Banking’s perfect storm. The European Central Bank came, it talked, it decided and it confused everyone by cutting its deposit rate to -0.40%, expanding its bond buying by 20 billion euros a month (up a third) and by introducing a new scheme of charging negative rates on loans made to banks to get them to lift their lending. Then ECB boss Mario Draghi proceeded to totally undermine the message by suggesting that rate cuts had run their course because of the unknown impact of negative interest rates on banks and other financial groups. Shares and the euro fell at first, then rose, and then ended confused. In Australia, we don’t have to worry about negative rates or paying banks to lend — we still pay them a lot of money to finance our increasingly expensive housing dreams. The big four banks have rescued the local sharemarket time and time again in the past two years, with strong profits, big price rises and big dividend payouts, and a seeming invulnerability to bad news. And even though the past year has yielded a big sell-off, sentiment seems to be changing back to positive at the moment, as we have seen on a couple of days in the past fortnight as bank share price gains helped the ASX resist and rise in the face of solid selling pressure. But investors are ignoring what can only be described as a gathering “perfect storm” (sorry for the cliche) of bad debts, weak revenue and increasing profit pressures. — Glenn Dyer

Australian headwinds. Building approvals and housing finance approvals have been weakening for three months now, and while a steadying of the pace of lending and construction will mean a higher level of activity that will last longer than if we had another spike in lending and prices, it also means the most profitable part of the big four banks faces a slowdown this year. And with investor lending slumping, that slowdown could be sharper than expected. Still, bad debts will remain low in housing because interest rates are low and will remain low for sometime. But regulators are concerned that commercial property lending is getting a bit too warm in markets like Melbourne and Brisbane. On top of this the big four banks are facing a spike in corporate bad debts from the likes of Clive Palmer’s Queensland Nickel empire, the failed Dick Smith, small transport company McAleese, and iron ore and steel group Arrium where 16 local and international lenders will have to agree to take losses to save the company in a refinancing deal now being negotiated. And then there’s Slater & Gordon and the huge debt piling overhanging its banks in a restructure. Watch for a rise in impaired loans in the March 31 half year reports for Westpac, NAB and the ANZ — if there are none, then it will smell. — Glenn Dyer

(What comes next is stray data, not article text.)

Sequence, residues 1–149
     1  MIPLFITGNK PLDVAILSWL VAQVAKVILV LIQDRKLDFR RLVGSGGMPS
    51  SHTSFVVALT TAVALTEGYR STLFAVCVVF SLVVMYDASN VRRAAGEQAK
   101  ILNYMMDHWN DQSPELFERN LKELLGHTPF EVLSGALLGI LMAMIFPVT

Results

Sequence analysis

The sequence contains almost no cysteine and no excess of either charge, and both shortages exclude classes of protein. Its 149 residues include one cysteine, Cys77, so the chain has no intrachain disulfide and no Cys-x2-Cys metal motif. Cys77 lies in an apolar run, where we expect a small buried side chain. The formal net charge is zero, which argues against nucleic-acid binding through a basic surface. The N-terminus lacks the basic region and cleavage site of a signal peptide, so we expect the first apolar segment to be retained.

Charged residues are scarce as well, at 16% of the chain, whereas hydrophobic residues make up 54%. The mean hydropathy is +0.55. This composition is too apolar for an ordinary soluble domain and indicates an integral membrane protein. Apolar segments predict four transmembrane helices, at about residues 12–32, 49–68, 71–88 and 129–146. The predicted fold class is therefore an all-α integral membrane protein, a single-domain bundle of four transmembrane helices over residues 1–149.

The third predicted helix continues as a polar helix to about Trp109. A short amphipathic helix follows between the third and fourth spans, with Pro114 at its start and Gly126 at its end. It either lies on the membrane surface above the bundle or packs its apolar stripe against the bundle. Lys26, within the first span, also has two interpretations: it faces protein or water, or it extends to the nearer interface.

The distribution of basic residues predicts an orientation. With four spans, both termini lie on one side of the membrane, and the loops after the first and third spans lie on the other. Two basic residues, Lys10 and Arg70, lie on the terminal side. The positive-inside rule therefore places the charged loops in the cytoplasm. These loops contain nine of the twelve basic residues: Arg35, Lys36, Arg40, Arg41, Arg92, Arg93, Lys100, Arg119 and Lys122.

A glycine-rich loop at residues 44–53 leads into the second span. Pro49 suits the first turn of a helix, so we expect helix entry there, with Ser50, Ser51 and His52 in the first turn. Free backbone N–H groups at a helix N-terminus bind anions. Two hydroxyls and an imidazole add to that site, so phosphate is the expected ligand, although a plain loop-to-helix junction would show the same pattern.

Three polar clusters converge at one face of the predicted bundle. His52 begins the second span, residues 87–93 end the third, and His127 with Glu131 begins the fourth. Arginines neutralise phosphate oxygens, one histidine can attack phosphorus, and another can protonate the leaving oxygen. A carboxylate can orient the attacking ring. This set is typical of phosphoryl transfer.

Kiwi cows bite. But the big danger comes from across the Tasman, and Moody’s ratings group agrees. Yesterday’s rate cut by the Reserve Bank of NZ to a record low of 2.25% (with at least one more to come) was driven by the sinking prospects for the most important sector in the Kiwi economy: dairying. On Tuesday Fonterra, the giant exporter, cut its milk price to a nine-year low of NZ$3.90 a kilo — less than half the NZ$8.50 a kilo back in 2013-14. Global dairy prices have fallen by more than 60% from 2014 to March 1 this year. Australian banks have $30 billion exposure to the Kiwi dairying sector through their local arms (with control of 80% of the NZ financial system). Yesterday afternoon Moody’s said in a report: “A deterioration in the asset quality of dairy loans would have a material effect on the banks.” In fact, agriculture made up about 14% of New Zealand banks’ total loan portfolios in January this year (according to the RBNZ), and is the largest sector concentration in bank loan portfolios behind housing. Moody’s said yesterday:

“Westpac is the second largest by assets, behind ANZ. Around 11% of ANZ New Zealand’s portfolio is made of up agricultural loans, while Westpac NZ’s exposure is around 8% of its loan book. NAB’s Bank of New Zealand has around a 15% agricultural exposure, while Commonwealth Bank’s ASB Bank counts 11% of its loan book as agricultural. An average of around 70% of these loans are dairy loans.”

These are exposures which can be damaging to the bank’s wealth. — Glenn Dyer